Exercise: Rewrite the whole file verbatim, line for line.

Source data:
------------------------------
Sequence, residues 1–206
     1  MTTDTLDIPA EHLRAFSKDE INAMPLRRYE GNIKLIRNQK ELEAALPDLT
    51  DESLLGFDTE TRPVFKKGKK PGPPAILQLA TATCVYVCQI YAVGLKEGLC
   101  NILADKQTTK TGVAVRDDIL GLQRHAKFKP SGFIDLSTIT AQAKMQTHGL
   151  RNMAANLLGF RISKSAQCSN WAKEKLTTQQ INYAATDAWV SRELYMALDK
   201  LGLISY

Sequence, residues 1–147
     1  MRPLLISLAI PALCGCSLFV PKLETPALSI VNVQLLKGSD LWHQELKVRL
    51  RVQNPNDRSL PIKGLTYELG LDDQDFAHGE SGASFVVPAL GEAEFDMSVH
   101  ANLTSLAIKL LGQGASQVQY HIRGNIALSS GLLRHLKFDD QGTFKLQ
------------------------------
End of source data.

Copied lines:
Sequence, residues 1–206
     1  MTTDTLDIPA EHLRAFSKDE INAMPLRRYE GNIKLIRNQK ELEAALPDLT
    51  DESLLGFDTE TRPVFKKGKK PGPPAILQLA TATCVYVCQI YAVGLKEGLC
   101  NILADKQTTK TGVAVRDDIL GLQRHAKFKP SGFIDLSTIT AQAKMQTHGL
   151  RNMAANLLGF RISKSAQCSN WAKEKLTTQQ INYAATDAWV SRELYMALDK
   201  LGLISY

Sequence, residues 1–147
     1  MRPLLISLAI PALCGCSLFV PKLETPALSI VNVQLLKGSD LWHQELKVRL
    51  RVQNPNDRSL PIKGLTYELG LDDQDFAHGE SGASFVVPAL GEAEFDMSVH
   101  ANLTSLAIKL LGQGASQVQY HIRGNIALSS GLLRHLKFDD QGTFKLQ